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Got The Flu? Learn How To Clean And Disinfect Your Home After A Cold Or Flu

Got the flu? Well, did you know that as soon as you will get well again, it’s best to rid your home from any remaining flu germs? Yeah, it’s something you don’t want to think about while you’re mourning in the bed with fever and a runny nose. But, for the safety of your family, it’s better to clean the house after flu to avoid the risk of catching the virus again.

It’s ideal to practice excellent hygiene before, during and after the illness. Just some simple steps like covering your mouth when you cough, using a tissue when you sneeze and washing your hands frequently and super-important steps to prevent flu and more effective than you may realize.

1. Wash Your Hands Frequently

Hand-washing is the single most important measure for preventing the spread of infection. Even if hand-washing isn’t hard, we have to admit that most of us cut corners when doing it. However, to make hand-washing effective, try the following method:

  • Wet hands with clean, running water. Temperature doesn’t matter.
  • Apply soap and work up a lather, making sure to include the areas between your fingers, under your nails and the backs of your hands. Scrub for a minimum of 20 seconds.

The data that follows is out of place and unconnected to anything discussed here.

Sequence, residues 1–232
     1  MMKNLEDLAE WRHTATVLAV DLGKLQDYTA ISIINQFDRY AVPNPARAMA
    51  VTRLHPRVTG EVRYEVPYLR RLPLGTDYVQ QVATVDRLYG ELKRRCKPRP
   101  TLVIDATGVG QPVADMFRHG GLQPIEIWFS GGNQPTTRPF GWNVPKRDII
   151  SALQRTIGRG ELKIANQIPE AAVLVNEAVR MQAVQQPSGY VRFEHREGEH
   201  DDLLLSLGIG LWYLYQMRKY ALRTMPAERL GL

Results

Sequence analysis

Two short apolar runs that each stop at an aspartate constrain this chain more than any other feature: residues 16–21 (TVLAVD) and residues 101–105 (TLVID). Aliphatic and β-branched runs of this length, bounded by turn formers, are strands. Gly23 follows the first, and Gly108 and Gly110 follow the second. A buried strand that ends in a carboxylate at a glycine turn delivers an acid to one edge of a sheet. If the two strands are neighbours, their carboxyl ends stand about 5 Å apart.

• Rinse well under clean water, then either air dry your hands or use a clean towel.

2. Clean The Bedding

During the flu spurt, you probably lied in bed waiting for tit to pass. So, bedsheets, pillowcases, and duvet cover inevitably become a hotbed of germs and you should wash them as soon as you are back on your feet. Wash them in the washer to a high temperature cycle using your regular laundry detergent and you may add a cup of white vinegar in the washing machine. The same thing applies for pajamas and other clothes you wore while you suffered from flu.

3. Clean Used Items

Wondering which are those used items? Well, toothbrushes, thermometers. remote control, phone, and other things that got into contact with your infected mouth.

4. Clean Hard Surfaces

The flu virus can survive on certain hard surfaces, like light switches and stainless steel, for up to 48 hours. To treat hard surfaces, like countertops, door handles, kitchen table, worktops, sinks and washbasins, toilet and bath you can use diluted bleach or other store-bought disinfectants.

  • Spray the surface and allow to sit for three minutes. Then wipe away the solution (and hopefully all germs) with a clean, damp cloth. Run any kitchen utensils used by the sick person through the dishwasher on high heat before they enter back into household rotation.

Don’t Forget Cleaning The Bathroom

I mentioned above that you have to clean the toilet, sink and most bathroom features, but you should do the same with towels, bathroom rugs, and anything the sick person get into contact with.

Most Important! Ventilation is important when cleaning after the flu. As unappealing as opening the windows on a cold day may be, it is good to ventilate your home after being ill to freshen the air and prevent any germs from lingering in the air, even after you’ve cleaned.

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